Set in our near future, Artemis is the story of Jazz Bashara, a young girl living on the moon. Struggling to make a life for herself, Jazz becomes embroiled in a criminal sabotage operation, placing herself, her friends and the whole colony in peril. Her experiences teach her more than she might ever want ...

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review written by Allen Stroud on Wednesday 17th January 2018
Book Review

Zoe's Tale by John Scalzi

Zoe's Tale by John Scalzi

Zoe’s Tale is one of the Old Man War series of books by John Scalzi and covers the same time period and events as The Last Colony, (the previous book in the series) but from a different character’s perspective.  Despite this, it can be read as a standalone novel.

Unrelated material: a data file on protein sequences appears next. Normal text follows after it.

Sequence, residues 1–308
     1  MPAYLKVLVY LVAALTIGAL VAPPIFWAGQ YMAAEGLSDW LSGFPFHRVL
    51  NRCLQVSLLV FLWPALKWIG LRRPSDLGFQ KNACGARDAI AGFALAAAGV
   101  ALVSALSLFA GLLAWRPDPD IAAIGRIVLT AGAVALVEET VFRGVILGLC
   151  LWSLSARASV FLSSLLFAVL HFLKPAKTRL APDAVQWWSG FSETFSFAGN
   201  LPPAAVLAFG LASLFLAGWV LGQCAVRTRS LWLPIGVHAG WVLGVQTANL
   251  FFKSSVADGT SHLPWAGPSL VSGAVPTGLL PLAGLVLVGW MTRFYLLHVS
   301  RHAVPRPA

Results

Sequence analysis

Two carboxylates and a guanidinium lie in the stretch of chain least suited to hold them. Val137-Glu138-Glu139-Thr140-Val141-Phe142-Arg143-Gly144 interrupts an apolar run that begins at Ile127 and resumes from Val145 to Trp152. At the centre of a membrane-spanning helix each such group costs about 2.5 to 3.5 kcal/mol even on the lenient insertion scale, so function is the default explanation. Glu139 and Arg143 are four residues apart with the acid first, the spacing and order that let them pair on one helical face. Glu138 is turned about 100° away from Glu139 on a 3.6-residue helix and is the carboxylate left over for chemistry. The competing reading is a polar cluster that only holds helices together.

Zoe is moving to a new colony with her adopted family. She’s not an ordinary girl by our standards or by those of her peers.Zoe’s unique circumstances mean that she takes with her two alien bodyguards and the ho...

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review written by Karen Fishwick on Wednesday 13th December 2017
Book Review

The Bastard Legion by Gavin Smith

The Bastard Legion by Gavin Smith

The Bastard Legion is the latest Military Science Fiction from Gavin Smith, very much in the style of his earlier book Veteran and its sequel War in Heaven, although not connected in terms of plot or characters. 

Smith’s hard hitting protagonist is Miska Corbin, a thief and hacker who steals a prison ship full of dangerous criminals to facilitate her new commercial concept or perhaps to fill the aching void in her life left by the her father’s death.